After Wele Weffe, she released another song titled Butwella. In the song, Mugirya calls upon people to work together for a common cause. She advises people to help one another,saying this is the only way to have a better Uganda. The song also calls on politicians not to forget the people who voted them into power. “Butwella has inspired people to work together, especially in Masaba land, Many politicians used it during their campaigns. I refer to Munyaffu when talking to young girls at home,” Yeus Mwambu, a businessman, says. “Artistes should stop focussing only on love, but also other issues affecting the country. They are the voices people hear best so they should not think love is all we need in the country. Mugirya’s songs are inspirational to the nation,” he adds.

Other songs

Mayi Wasaala (mother who bore me) depicts the plight of mothers when bringing up children. According to the song, mothers deserve to be respected and appreciated for what they go through. Some sleep on floors and cover their children with the only clothes they have. Even when a father abandons his children, the mother still takes care of them. Yesu Niye Libaale praises Jesus for being the strong foundation on which everyone should lean. The song also calls on people to stop trusting other gods, but only God who created the world and everything in it. Kumwihoyo reminds people to celebrate because God has given them life


Dr. Stephen Watiti, Mildmay International

All her songs are inspirational. When you listen to her music, you can never remain the same. Butwella has made people, especially those in Mbale, to unite. I believe the youth have learnt from Munyaffu

James Mutende, State Minister for Industry

Mugirya’s songs are educative. Butwella has united people, especially in Masaba land. I urge the masses to listen to Munyaffu and learn from it

Rev. Milton Shissa, Bible Society of Uganda

As a reverend, her songs have made me strong in my faith. I believe Munyaffu has changed people’s lives. Many use it as a slogan in Mbale when they see someone engaging in acts that can lead to HIV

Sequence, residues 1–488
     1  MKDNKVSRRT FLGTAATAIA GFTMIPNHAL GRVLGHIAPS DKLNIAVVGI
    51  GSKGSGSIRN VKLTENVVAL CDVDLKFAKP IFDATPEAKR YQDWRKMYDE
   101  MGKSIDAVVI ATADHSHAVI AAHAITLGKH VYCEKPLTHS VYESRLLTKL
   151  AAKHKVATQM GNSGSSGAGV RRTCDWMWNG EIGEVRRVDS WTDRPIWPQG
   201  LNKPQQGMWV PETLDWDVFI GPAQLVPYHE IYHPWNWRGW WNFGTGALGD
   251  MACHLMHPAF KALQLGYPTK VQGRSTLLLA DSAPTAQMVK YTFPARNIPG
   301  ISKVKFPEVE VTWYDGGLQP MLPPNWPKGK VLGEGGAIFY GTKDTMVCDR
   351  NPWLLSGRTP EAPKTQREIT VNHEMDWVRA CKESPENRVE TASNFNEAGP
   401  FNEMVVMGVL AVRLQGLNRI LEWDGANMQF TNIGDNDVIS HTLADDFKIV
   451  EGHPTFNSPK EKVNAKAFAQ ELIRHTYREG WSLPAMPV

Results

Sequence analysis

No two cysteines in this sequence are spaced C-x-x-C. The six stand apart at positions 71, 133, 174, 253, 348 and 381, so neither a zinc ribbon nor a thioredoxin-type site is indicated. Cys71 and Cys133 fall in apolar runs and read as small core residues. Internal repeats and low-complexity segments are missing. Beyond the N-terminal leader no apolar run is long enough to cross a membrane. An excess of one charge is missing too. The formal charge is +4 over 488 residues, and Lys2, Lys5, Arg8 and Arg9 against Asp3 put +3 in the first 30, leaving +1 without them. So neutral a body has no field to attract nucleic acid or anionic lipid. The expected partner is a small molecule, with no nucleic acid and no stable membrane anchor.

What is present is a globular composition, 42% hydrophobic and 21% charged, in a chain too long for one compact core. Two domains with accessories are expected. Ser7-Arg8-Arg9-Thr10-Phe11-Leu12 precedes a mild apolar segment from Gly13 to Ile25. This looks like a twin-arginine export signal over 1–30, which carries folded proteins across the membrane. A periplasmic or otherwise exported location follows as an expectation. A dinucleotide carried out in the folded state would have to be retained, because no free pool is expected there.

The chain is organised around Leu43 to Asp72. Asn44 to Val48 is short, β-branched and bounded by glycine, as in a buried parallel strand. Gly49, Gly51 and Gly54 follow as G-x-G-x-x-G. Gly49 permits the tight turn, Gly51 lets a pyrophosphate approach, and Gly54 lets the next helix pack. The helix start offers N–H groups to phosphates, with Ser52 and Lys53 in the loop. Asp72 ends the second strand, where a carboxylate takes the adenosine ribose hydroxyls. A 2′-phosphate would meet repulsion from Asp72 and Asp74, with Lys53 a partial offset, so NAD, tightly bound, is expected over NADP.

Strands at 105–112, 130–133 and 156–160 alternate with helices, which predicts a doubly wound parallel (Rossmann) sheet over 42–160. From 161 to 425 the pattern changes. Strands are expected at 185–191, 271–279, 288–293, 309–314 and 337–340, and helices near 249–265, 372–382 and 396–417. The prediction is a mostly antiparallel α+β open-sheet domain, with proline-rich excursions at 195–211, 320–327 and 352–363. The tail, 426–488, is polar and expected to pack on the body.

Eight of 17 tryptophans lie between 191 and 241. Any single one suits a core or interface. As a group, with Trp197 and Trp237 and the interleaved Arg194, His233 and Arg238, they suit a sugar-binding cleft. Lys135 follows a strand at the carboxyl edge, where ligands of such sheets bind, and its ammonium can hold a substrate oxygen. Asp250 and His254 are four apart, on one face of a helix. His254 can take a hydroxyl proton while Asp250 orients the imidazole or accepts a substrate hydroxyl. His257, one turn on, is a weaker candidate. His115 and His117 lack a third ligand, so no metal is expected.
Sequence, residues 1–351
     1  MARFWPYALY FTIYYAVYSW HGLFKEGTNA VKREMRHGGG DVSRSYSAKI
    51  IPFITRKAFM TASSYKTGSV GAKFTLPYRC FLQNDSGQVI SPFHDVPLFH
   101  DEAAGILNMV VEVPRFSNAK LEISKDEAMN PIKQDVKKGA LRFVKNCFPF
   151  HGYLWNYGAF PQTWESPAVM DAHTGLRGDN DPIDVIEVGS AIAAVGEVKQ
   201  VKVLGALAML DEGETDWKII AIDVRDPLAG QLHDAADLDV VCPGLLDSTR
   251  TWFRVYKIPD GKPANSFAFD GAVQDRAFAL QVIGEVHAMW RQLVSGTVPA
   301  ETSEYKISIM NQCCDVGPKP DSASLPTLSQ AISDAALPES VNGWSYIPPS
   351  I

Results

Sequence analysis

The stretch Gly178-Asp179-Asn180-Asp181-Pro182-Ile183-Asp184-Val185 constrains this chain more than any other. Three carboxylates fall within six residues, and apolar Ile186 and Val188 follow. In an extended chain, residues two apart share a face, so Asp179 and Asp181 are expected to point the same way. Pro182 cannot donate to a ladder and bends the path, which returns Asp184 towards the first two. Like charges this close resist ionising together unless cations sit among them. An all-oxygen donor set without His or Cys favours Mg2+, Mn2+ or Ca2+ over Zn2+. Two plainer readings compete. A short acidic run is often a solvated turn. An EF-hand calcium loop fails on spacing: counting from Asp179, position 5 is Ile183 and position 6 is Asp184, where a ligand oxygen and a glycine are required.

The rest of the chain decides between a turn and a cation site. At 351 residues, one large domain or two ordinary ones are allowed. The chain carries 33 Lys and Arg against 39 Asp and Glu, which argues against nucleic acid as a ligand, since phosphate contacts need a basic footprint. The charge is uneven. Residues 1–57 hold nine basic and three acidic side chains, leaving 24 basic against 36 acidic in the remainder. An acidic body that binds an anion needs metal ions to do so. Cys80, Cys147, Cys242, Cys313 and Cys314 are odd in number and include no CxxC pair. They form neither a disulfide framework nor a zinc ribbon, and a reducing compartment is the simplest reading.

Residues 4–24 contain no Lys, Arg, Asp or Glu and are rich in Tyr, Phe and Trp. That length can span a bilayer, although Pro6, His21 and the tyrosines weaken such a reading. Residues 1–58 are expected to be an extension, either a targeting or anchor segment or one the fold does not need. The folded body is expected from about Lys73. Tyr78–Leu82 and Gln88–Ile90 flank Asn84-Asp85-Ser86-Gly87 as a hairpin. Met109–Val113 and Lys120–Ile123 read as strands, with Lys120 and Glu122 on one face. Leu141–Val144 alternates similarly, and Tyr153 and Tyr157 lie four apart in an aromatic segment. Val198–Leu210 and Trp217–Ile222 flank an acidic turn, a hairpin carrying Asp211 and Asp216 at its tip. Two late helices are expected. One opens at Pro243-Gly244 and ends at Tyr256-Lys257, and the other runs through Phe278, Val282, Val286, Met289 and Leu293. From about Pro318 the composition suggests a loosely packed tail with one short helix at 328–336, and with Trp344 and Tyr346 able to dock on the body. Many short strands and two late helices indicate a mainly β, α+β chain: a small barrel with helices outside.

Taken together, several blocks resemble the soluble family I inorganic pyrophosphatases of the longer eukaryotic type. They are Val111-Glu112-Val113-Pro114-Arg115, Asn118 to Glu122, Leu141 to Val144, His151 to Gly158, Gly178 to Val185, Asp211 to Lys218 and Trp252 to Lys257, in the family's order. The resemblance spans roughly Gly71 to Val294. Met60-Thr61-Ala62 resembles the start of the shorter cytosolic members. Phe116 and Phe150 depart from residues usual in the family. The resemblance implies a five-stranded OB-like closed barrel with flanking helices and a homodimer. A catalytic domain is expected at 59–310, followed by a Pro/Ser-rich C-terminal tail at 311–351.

Immaculate Wanyeze, Uganda Revenue Authority

I started trusting God more when I listened to Mugirya’s first song, Wele Weffe. Munyaffu also had a good message and I believe it made a difference, especially to the young generation. Mugirya is an inspirational musician

Catch the Musicians Making a Difference Recognition ceremony live on the four Vision Group TV stations of Urban TV, Bukedde1, Bukedde 2 and TV West on January 31 from 7:30pm – 8:30pm


The statements, comments, or opinions expressed through the use of New Vision Online are those of their respective authors, who are solely responsible for them, and do not necessarily represent the views held by the staff and management of New Vision Online.

New Vision Online reserves the right to moderate, publish or delete a post without warning or consultation with the author.Find out why we moderate comments. For any questions please contact digital@newvision.co.ug

  • mail
  • img
blog comments powered by Disqus
Also In This Section
Entebbe Raid series: Part 3
The final part of our dramatic serialisation of the raid on Entebbe Airport in 1976....
Entebbe Raid series: Part 2
Col. Moshe Betser, a veteran of Operation Jonathan, speaks for the first time to a Ugandan journalist about that night....
Entebbe Raid series: Part 1
In the still of a July night 39 years ago, 200 Israeli commandos arrived at Entebbe Airport....
IN PICTURES: Xenophobic violence in South Africa
At least five people have been killed and hundreds forced to flee their homes in one of South Africa’s worst outbreaks of xenophobic violence in years....
A Ugandan
After a very long flight from Entebbe, I finally touched down at John F. Kennedy International Airport in New York....
Waking up disabled from a two-year coma
Dr. Naboth Coole, 40, would not be alive today had he put into practice the idea to end his life 32 years ago....
Is Uganda ready for the pope's visit?
Can't Say
follow us
subscribe to our news letter